Republican lawmakers are taxing large university endowments, threatening cuts to federal research funding, and debating the future of undocumented students and financial aid, among other issues. In an interview in November, outgoing University President Drew G. Faust called the endowment tax “a blow at the strength of American higher education,” expressing dismay at the turning tide in Washington against universities.
As Harvard’s next president, Bacow will wade into this hostile political climate—and he bluntly acknowledged the industry’s skeptics in his first public appearance as president-elect.
“These days, higher education has plenty of critics. And candidly, I think some of the criticism is fair,” Bacow said at the press conference Sunday afternoon announcing his appointment.
The Harvard presidency has long required its holders to use the office as a platform to advocate for higher education writ large. Since the election of President Donald Trump in Nov. 2016, this task has become an increasingly pressing imperative.
In their speeches Sunday, Bacow and William F. Lee ’72—the senior fellow of the Harvard Corporation and the head of the presidential search committee—both made reference to public and political disillusionment with higher education.
Taking the podium to announce Bacow’s selection, Lee said the search committee sought “someone who also clearly sees and is ready to confront the great challenges facing us at a moment when the value of higher education is being questioned and a moment when the fundamental true of fact based inquiry is being questioned and called into doubt.”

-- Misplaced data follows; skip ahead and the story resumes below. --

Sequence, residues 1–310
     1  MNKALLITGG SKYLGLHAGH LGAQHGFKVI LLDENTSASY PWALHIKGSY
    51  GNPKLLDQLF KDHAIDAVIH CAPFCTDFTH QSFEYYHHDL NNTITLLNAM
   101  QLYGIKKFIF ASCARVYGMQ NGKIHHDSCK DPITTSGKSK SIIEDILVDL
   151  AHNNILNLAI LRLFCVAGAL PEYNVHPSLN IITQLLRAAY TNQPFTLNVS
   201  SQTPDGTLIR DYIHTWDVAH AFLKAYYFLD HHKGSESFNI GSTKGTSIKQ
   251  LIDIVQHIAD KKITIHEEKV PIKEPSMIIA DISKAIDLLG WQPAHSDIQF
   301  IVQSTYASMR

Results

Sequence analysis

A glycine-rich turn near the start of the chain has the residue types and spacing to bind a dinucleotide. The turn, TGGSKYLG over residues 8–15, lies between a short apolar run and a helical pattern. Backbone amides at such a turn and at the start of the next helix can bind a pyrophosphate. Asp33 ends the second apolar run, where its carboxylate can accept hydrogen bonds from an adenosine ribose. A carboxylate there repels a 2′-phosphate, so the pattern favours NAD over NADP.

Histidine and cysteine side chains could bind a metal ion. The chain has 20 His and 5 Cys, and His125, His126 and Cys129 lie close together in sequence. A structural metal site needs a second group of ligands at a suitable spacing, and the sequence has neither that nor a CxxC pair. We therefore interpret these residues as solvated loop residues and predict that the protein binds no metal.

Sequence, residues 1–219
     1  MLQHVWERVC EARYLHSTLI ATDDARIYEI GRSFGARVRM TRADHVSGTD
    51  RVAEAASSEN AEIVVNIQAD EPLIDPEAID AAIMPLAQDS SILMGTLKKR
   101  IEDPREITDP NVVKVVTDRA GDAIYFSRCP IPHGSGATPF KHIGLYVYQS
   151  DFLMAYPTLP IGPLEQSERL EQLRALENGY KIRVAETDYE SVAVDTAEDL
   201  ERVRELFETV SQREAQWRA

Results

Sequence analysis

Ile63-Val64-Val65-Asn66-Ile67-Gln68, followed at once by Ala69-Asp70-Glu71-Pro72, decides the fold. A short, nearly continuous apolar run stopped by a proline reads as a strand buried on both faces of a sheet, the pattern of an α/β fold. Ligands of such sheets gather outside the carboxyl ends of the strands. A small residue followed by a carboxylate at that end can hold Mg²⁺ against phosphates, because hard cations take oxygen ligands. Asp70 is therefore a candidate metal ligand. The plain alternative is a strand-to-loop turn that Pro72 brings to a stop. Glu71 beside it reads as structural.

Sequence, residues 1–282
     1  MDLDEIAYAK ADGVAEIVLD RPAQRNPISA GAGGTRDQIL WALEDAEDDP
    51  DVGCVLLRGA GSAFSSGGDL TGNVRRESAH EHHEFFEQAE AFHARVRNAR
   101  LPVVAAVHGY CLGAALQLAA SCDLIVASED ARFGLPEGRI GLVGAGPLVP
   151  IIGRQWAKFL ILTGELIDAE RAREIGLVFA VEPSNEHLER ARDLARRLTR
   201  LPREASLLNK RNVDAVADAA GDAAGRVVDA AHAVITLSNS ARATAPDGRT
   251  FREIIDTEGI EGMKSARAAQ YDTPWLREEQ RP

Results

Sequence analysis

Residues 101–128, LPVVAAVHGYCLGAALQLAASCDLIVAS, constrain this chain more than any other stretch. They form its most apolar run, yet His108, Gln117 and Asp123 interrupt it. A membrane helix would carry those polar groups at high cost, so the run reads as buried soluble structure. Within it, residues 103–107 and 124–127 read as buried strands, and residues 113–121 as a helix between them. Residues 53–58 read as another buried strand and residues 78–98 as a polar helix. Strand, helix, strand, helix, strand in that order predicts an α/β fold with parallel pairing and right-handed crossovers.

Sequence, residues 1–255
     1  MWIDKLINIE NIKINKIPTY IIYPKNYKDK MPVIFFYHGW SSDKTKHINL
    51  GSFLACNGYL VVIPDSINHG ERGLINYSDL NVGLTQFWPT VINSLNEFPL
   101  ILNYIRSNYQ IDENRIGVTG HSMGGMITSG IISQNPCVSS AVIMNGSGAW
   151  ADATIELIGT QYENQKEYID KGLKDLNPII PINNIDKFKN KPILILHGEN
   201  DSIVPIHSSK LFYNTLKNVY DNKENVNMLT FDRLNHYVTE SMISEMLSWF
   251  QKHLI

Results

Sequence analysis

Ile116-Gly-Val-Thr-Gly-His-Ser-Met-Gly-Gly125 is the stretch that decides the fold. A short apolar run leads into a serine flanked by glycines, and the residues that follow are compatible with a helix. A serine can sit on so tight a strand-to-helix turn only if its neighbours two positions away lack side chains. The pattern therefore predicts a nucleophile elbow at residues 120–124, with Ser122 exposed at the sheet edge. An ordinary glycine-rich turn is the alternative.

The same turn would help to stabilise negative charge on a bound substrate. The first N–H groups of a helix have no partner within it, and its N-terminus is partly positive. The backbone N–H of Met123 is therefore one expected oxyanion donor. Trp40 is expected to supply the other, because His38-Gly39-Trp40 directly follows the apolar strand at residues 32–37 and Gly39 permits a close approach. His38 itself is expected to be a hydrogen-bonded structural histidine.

“We wanted someone who could hit the ground running because neither we, nor higher education, have time to spare,” Lee added.
Bacow is not new to the higher education scene—he served as the president of Tufts University from 2001 to 2011 after working as the chancellor of the Massachusetts Institute of Technology. And he isn’t new to Harvard, either: he holds an M.P.P and Ph.D. in public policy from the Kennedy School, as well as a J.D. from the Law School. He returned to Harvard decades after graduating to serve on the Corporation—the University’s highest governing body—and in various capacities at the Kennedy School, Graduate School of Education, and the Law School.
“I must confess that when I arrived at the Kennedy School in 1972 as a 20 year old graduate student, I never could have imagined that I would be standing here today,” Bacow said Sunday.
Despite his enthusiasm for a school where he spent many of his formative years, Bacow conceded that some of Harvard’s—and higher education’s—institutional patterns need to change.
“We need to do a better job of controlling our costs, we need to do a better job of operating more efficiently,” he said. “We need to collaborate with others, with peer institutions, with industry. And we need to be vigilant to ensure that our campuses are always open to new ideas, that they are places where our members feel free to express themselves, and also where every member of this community feels he or she belongs.”
In an interview, Corporation and search committee member Shirley M. Tilghman said Harvard presidents are expected to champion “important public policy issues” facing higher education—for example, arguing for the “value” of a liberal arts education and the importance of federal research funding.